NBA Mock Draft 2019: Bold Predictions for Low-Profile Prospects
Talen Horton-Tucker should have the power and strength to make a contribution in the NBA.Orlin Wagner/Associated Press
As the 16 teams that qualified for the playoffs fight to advance in the NBA postseason, the front offices of all 30 teams prepare for the annual draft in June.
This is a draft with four potential superstars at the top, including Duke’s Zion Williamson and R.J. Barrett along with Murray State’s Ja Morant and Texas Tech’s Jarrett Culver.
However, it’s not just the superstars who are going to have an impact in the NBA. Scouts and general managers know that if they do their job well, some of the lower-profile players in the second half of the first round and beyond can also help.
In this piece, we present our mock draft, using the draft order of Tankathon.com, to make our pick selections. We also look at two players in the bottom half of the first round who have the skills and ability to make a contribution at the NBA level.
NBA Mock Draft
1. New York Knicks: PF Zion Williamson, Duke
2. Cleveland Cavaliers: SF R.J. Barrett, Duke
3. Phoenix Suns: PG Ja Morant, Murray State
4. Chicago Bulls: SG Jarrett Culver, Texas Tech
5. Atlanta Hawks, SF Cam Reddish, Duke
6. Washington Wizards, C Jaxson Hayes, Texas
7. New Orleans Pelicans, SG Romeo Langford, Indiana
8. Memphis Grizzlies, PG Darius Garland, Vanderbilt
9. Atlanta Hawks (from Dallas Mavericks), PF P.J. Washington, Kentucky
10. Minnesota Timberwolves, PG-SG Coby White, North Carolina
11. Los Angeles Lakers, SG Kevin Porter Jr., USC
12. Charlotte Hornets, SF De’Andre Hunter, Virginia
13. Miami Heat, PF/SF Sekou Doumbouya, Limoges CSP
14. Boston Celtics (from Sacramento Kings), C Bol Bol, Oregon
15. Detroit Pistons, SF Nassir Little, North Carolina
16. Orlando Magic, SG Tyler Herro, Kentucky
17. Brooklyn Kings, C Bruno Fernando, Maryland
18. Indiana Pacers, SF Nassir Little, North Carolina
19. San Antonio Spurs, C Goga Bitadze, Buducnost
20. Boston Celtics (L.A. Clippers), PG-SG Ty Jerome, Virginia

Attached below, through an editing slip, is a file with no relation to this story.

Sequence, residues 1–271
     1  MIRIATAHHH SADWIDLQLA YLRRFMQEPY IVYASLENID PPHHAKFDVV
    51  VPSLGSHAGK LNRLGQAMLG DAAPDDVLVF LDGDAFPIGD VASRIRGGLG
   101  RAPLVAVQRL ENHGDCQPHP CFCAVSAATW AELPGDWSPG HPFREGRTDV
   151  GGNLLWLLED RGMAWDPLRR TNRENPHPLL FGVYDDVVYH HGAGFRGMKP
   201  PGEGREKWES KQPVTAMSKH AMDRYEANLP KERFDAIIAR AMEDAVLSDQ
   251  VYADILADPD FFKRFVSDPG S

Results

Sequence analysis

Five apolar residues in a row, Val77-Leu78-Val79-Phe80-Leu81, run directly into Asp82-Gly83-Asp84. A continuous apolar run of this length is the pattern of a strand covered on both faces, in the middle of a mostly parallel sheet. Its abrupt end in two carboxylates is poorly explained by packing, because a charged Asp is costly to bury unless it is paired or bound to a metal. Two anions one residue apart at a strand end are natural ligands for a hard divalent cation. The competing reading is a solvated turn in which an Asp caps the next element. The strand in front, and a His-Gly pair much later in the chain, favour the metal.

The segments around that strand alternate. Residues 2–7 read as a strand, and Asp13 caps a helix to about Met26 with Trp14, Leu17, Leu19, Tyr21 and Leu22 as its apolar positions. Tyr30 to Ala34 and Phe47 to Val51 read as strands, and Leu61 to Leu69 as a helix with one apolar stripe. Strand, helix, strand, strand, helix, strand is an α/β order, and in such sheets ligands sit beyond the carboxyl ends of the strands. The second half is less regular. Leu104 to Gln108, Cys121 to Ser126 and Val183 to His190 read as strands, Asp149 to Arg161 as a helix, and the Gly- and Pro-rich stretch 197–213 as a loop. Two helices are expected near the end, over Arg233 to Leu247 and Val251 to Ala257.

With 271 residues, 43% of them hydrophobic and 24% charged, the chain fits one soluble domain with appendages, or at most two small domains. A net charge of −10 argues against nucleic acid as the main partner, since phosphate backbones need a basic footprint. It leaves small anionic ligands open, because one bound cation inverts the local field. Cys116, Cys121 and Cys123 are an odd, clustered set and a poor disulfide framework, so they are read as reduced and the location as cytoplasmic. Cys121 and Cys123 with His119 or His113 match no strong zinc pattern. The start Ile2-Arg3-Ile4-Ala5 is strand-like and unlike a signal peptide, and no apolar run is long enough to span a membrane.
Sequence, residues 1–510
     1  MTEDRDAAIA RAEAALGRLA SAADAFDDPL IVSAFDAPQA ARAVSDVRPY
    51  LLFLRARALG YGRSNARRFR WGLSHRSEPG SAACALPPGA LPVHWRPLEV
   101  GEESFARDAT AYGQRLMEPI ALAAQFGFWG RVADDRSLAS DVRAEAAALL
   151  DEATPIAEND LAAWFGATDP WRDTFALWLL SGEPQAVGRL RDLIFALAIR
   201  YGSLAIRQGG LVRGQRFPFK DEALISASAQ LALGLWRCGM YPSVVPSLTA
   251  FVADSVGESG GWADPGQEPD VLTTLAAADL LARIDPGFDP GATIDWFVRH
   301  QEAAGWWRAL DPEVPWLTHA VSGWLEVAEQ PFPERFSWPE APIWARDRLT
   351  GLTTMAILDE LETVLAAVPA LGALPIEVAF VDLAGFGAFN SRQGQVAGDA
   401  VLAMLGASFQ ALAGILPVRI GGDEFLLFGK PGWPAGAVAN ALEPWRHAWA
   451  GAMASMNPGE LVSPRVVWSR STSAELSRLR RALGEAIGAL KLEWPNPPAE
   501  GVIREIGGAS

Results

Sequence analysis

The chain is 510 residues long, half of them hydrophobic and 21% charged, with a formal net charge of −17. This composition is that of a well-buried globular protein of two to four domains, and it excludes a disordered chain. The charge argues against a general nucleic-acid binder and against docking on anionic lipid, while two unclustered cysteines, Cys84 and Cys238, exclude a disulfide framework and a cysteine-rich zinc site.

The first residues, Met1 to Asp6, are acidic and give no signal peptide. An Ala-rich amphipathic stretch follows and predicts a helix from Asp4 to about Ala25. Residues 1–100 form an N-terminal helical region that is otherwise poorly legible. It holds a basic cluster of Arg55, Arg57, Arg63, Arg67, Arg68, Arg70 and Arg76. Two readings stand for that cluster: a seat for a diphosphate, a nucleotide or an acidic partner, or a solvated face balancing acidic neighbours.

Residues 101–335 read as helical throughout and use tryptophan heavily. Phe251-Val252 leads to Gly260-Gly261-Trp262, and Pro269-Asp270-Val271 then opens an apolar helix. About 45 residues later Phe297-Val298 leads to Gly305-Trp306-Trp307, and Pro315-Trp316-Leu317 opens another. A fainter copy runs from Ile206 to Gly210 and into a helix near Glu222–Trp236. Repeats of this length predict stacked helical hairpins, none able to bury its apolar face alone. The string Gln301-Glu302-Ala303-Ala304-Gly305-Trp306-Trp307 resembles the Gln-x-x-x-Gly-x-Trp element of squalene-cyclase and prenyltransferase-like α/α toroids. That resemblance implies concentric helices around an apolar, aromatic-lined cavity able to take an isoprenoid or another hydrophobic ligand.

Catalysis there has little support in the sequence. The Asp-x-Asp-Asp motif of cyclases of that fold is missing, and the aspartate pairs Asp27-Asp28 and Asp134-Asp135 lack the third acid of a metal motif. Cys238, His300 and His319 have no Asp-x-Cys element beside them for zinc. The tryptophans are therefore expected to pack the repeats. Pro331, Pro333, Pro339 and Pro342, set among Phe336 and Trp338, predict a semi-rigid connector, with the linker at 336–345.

21. Oklahoma City Thunder, PF Rui Hachimura, Gonzaga
22. Boston Celtics, PF Grant Williams, Tennessee
23. Utah Jazz, SG-SF Talen Horton-Tucker, Iowa State
24. Philadelphia 76ers, SF Keldon Johnson, Kentucky
25. Portland Trail Blazers, C Daniel Gafford, Arkansas
26. Cleveland Cavaliers (from Houston Rockets), SF KZ Okpala, Stanford
27. Brooklyn Nets (from Denver Nuggets), PG Carsen Edwards, Purdue
28. Golden State Warriors, SF Matisse Thybulle, Washington
29. San Antonio Spurs (from Toronto Raptors), SF-PF Isaiah Roby, Nebraska
30. Milwaukee Bucks, C Jontay Porter, Missouri
SG-SF Talen Horton-Tucker, Iowa State
There is little doubt every NBA team is looking for a player with the kind of skills that can break a game open at any time. The elite players who possess those talents are likely to go at the top of the draft every year.
The question for scouts, coaches and general managers is what makes one player worthy of being drafted in the first round.
Iowa State’s Talen Horton-Tucker may have the characteristic that makes him worthy of a draft pick in the back half of the first round: toughness.
The 18-year-old is a 6’4″ shooting guard-small forward who checks in at 238 pounds, and his most impressive physical asset is his 7’1″ wingspan. That bulk gives him the strength and thickness to play bully ball when he takes his man down low.
Horton-Tucker finished his freshman season with the Cyclones averaging 11.8 points and 4.9 rebounds per game. He may not be an NBA starter, but he could be the kind of player who makes a difference coming off the bench.
Bleacher Report’s Jonathan Wasserman noted that when Horton-Tucker gets to the NBA, coaches will emphasize improvements in his decision-making and conditioning.
SF KZ Okpala, Stanford
KZ Okpala demonstrated he could be a productive player with the Cardinal, and he has the kind of length that should make him valuable at the next level.
He is 6’9″ and 215 pounds, and he has a 7’2″ wingspan that allows him to cause defensive problems because he can get in the passing lanes and disrupt the offense.
Okpala averaged 16.9 points and 5.7 rebounds for Stanford, and the sophomore added 1.0 steal per game while shooting 46.5 percent from the field. That shooting percentage may seem average or slightly above, but he improved in that area from the start of the season to the finish.
The 19-year-old is a face-up scorer, and that’s an option that is always appreciated in end-of-game situations when points are hard to come by. He can cut through the paint, receive the ball and get his shot off quickly.
Look for him to get drafted with the 26th pick, and if he goes in Round 1, he will be the first Stanford player to do so since Robin and Brook Lopez in 2008.
Wasserman sees Okpala as the kind of player who can create mismatches, but he needs to work on his shot creation and off-the-dribble skills.
via Bleacher Report – NBA http://bit.ly/2gMI6gF
April 17, 2019 at 05:12AM